These properties become all the more apparent as the speed at which the flexible element is rotated increases, and it is in the specific field of modern high speed engines, and of turbine engines in particular, that such a flywheel would appear to be most simply applicable and to offer the most benefits.
The description which follows with reference to the accompanying drawings, filed by way of example only and not of limitation, will give a clear understanding of the various particularities of the invention and of the art of carrying them into practice.
In the drawings, FIGURE 1 is a schematic axial sectional view of a flywheel according to the invention;
FIGURE 2 is an end view of the flywheel in FIGURE 1, showing one flange removed;
FIGURE 3 is an end view of a device for reducing Lnebrtia effects at the beginning of the coiling onto the u FIGURES 4 and 5 illustrate radial guidance devices for the flexible strip;
t FIGURE 6 is a further radial guidance device for said s rip;
FIGURES 7 and 8 schematically illustrate alternative ways of combining a plurality of flywheels;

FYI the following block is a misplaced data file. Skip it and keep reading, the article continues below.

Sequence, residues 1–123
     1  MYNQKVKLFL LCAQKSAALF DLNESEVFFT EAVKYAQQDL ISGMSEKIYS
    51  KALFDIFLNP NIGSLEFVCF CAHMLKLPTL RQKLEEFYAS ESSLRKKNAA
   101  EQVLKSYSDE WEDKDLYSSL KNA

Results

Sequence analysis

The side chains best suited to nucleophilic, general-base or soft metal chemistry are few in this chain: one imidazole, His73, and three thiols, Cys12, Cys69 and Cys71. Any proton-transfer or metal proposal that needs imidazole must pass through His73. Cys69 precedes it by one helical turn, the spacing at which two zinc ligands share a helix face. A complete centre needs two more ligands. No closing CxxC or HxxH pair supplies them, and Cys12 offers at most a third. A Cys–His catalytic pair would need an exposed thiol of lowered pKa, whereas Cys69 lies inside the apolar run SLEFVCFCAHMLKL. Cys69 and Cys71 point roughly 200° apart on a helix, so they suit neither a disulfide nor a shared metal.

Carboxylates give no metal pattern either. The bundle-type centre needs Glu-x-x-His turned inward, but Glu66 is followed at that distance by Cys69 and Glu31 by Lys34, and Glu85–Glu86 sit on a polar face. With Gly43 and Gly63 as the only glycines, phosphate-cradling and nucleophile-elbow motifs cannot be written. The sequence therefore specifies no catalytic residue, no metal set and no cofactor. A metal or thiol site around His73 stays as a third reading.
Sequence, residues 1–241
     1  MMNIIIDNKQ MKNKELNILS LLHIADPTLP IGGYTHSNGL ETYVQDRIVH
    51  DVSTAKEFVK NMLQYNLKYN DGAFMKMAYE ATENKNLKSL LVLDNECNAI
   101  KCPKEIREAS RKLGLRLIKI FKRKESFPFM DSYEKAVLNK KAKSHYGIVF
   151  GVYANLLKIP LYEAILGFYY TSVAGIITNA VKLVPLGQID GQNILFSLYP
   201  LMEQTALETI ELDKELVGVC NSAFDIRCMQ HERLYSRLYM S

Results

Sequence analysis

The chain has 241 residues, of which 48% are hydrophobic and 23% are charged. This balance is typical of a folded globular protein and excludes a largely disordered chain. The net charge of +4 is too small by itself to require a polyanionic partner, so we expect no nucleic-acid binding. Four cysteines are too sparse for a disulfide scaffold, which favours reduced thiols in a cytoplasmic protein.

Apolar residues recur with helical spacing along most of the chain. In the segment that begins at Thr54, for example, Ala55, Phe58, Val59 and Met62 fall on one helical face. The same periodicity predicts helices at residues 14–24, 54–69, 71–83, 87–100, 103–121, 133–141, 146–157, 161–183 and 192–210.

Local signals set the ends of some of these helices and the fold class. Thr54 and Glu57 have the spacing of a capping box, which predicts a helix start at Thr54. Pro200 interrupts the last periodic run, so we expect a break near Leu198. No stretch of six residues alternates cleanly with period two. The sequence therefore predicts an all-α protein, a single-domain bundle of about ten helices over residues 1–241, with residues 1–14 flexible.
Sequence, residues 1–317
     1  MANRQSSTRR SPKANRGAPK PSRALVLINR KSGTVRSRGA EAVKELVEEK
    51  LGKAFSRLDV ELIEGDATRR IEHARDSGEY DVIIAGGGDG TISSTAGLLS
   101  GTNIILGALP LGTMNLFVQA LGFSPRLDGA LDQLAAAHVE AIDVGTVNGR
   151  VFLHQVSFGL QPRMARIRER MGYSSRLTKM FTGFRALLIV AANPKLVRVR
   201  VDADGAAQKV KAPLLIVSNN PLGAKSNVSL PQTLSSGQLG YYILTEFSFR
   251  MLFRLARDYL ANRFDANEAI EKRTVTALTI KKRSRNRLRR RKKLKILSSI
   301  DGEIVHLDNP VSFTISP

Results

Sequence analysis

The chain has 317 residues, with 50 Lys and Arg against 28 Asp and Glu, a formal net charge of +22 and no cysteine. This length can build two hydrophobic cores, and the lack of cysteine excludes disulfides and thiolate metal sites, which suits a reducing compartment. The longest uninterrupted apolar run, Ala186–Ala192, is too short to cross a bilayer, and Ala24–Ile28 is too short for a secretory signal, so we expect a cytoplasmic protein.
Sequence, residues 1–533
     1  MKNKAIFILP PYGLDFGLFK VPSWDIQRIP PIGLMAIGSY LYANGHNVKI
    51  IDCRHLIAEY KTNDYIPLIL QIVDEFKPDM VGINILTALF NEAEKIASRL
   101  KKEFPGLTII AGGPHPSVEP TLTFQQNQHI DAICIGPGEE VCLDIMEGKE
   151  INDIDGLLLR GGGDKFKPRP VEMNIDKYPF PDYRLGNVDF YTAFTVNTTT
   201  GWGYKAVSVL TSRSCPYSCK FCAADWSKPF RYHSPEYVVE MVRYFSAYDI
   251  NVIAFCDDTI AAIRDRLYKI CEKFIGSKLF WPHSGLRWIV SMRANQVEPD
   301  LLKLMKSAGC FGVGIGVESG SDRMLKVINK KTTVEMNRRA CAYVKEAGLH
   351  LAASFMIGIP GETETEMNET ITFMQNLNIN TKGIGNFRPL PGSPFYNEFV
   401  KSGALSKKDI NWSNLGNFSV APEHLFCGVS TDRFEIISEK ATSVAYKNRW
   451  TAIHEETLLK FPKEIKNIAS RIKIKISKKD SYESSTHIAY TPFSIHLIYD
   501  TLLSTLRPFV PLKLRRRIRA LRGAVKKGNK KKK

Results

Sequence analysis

FIGURE 9 is a highly diagrammatic illustration of a driving device for a flywheel according to the invention;
FIGURE 10 shows an alternative driving device enabling the energy of the flywheel shaft to be partly recovered When said shaft is braked;
FIGURE 11 shows another alternative driving device in which the outer casing and the hub are interconnected through a differential;
FIGURE 12 illustrates a driving device offering the possibility of reversing the direction of rotation of the hub when recovering the energy of the casing;
FIGURES 13 and 14 are end and side elevation views respectively of a balancing system whereby a. plurality of offset flywheels may be used in combination.
FIGURE 15 shows a flexible strip having a mass, a bending stiffness and a friction coefficient locally varying in longitudinal section.